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The Robin Hoods of cyberspace?

It appears some online outlaws are giving some of what they steal to charity. But don’t glorify them as the Robin Hoods of cyberspace. Yazan Gable of the Symantec Security Response Center has blogged about fraudsters giving to charity simply to see if the credit card numbers they’ve stolen work.

“In the world of carding, where stolen credit card information is bought and sold, carders need to know if the credit cards they are buying or selling can actually be used,” he wrote. “It is sometimes difficult for them to verify this without raising any alarm bells and risking that their cards will be identified as stolen and disabled. As a consequence, a new trend is appearing.”

To verify that a stolen credit card is legitimate and active, he wrote, cyber thieves have begun donating money to charity. By attempting to pay small amounts of money to various charities, including well known charities such as the Red Cross, he said carders can determine if a stolen credit card is valid depending on the success or failure of the transaction.

“There are likely a number of reasons that this method may be becoming more popular,” he said. “For instance, bank behavior monitors may be less likely to pick up on donations to charities. Legitimate charitable donations are not daily transactions for anyone with a credit card, and so it would be difficult to determine if they are out of the norm. As such, it wouldn’t be too surprising to see this trend grow. I guess the one thing to note here though is that at least some of the stolen money is going to a good cause.”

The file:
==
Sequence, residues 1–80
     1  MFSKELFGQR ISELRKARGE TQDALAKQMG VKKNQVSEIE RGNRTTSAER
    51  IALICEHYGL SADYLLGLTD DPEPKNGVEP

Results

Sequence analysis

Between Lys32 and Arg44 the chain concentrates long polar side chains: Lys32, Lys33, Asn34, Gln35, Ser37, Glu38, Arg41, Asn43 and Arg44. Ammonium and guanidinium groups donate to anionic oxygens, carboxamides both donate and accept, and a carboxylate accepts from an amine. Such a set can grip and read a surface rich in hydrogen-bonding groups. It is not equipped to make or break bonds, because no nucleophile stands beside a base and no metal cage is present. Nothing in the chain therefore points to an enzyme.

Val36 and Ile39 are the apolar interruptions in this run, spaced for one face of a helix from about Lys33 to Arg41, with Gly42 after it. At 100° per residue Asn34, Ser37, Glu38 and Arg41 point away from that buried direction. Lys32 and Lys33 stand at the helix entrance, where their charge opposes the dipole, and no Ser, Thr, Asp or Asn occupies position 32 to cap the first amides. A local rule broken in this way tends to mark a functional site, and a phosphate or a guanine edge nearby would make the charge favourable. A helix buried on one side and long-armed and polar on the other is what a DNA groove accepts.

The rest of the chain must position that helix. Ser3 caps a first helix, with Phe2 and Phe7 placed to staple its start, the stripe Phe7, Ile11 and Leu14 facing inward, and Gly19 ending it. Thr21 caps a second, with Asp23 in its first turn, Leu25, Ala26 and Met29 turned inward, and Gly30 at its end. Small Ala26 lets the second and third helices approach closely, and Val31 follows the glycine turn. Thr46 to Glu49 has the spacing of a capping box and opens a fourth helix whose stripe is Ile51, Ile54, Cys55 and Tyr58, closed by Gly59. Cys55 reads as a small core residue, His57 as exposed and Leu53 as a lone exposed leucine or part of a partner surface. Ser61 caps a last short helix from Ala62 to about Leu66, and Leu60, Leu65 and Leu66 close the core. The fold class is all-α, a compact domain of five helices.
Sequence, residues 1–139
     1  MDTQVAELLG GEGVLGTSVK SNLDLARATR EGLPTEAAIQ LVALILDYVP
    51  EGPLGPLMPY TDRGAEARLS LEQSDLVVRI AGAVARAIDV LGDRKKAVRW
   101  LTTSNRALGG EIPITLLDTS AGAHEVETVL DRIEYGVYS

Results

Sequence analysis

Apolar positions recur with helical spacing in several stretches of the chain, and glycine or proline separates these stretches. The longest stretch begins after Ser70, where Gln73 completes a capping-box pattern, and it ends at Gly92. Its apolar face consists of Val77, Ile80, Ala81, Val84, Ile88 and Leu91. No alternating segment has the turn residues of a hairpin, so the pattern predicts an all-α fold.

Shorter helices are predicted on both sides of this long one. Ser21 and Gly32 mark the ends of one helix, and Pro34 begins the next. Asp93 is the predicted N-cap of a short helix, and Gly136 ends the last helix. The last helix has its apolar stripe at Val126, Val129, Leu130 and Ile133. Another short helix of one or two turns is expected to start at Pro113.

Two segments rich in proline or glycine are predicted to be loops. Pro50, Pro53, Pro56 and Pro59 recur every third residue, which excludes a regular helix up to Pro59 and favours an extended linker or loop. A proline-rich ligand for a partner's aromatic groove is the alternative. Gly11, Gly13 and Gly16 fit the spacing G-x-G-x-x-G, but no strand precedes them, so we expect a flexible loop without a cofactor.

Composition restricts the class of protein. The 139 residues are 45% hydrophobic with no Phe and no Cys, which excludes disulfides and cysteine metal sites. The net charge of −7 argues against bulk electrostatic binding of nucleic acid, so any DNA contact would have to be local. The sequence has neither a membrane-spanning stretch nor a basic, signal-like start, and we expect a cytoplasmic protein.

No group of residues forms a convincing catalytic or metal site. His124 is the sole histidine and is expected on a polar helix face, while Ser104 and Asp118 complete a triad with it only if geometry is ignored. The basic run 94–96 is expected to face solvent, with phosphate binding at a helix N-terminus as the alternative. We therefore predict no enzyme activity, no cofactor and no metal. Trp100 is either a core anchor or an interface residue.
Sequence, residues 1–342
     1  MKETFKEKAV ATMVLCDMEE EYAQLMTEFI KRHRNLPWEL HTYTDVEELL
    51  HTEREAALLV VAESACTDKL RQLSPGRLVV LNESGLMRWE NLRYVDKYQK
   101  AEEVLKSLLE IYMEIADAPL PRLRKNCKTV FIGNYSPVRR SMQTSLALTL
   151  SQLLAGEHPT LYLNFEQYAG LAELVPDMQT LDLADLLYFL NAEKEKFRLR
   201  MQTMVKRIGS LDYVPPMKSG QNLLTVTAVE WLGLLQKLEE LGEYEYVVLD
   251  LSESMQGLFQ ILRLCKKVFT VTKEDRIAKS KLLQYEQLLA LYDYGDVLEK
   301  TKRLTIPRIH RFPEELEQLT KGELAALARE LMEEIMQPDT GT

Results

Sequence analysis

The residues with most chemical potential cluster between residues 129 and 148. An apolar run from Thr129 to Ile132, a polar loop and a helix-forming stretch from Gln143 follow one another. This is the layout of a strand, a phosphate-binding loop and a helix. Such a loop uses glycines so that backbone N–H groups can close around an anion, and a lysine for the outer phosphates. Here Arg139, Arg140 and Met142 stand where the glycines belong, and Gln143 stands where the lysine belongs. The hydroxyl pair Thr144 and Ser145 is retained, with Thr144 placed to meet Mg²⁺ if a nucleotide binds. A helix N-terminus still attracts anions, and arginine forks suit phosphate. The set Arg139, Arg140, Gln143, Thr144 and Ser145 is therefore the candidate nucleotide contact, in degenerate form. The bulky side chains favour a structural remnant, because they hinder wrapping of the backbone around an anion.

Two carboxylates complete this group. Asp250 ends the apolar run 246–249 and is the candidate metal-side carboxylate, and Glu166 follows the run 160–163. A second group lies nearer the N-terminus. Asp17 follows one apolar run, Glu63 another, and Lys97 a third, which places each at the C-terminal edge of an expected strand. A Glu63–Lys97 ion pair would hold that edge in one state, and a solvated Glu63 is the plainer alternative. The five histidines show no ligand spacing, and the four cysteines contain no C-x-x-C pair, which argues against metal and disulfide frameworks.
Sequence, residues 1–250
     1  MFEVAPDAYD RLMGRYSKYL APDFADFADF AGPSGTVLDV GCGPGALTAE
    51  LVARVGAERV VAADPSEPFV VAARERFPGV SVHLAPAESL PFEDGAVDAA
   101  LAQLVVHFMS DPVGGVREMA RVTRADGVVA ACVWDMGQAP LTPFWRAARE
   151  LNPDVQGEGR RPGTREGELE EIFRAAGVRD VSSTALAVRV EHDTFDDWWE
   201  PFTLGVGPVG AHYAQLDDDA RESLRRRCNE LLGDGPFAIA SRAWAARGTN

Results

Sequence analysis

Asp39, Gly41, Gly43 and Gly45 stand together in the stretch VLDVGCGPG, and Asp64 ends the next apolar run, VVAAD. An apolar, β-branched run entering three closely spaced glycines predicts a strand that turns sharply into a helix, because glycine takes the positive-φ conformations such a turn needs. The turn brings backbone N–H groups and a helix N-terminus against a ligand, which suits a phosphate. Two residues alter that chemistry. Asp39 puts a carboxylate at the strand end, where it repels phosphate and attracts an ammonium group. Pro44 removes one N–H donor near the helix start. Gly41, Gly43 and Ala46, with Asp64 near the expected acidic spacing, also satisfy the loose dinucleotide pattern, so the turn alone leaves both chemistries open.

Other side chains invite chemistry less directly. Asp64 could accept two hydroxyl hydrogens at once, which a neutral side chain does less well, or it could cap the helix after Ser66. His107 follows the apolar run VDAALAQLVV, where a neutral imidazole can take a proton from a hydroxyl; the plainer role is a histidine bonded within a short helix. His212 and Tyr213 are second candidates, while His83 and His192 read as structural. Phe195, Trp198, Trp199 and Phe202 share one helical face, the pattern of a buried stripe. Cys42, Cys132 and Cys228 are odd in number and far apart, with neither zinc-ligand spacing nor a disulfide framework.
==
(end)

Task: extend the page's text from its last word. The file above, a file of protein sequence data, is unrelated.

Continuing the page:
Of course, that’s of little comfort to the victim, especially since the bad guys are going to use their information for more sinister purposes once their charitable activities make it clear that the information is ripe for exploitation.

This reminds me of some words of wisdom I got a few months ago from one ID theft victim. Rennee Schwartz, a Davenport, Iowa, resident, told me about what she had to go through after her credit card information was stolen two years ago.

Her main message was that credit card holders need to keep constant track of where their personal data is and how it is being used.

“You have to be more cautious, more astute when reviewing credit card statements,” she said. “Stay on top of your information and don’t wait until it’s too late.”

Unfortunately, this now includes checking for charitable contributions you don’t remember making.

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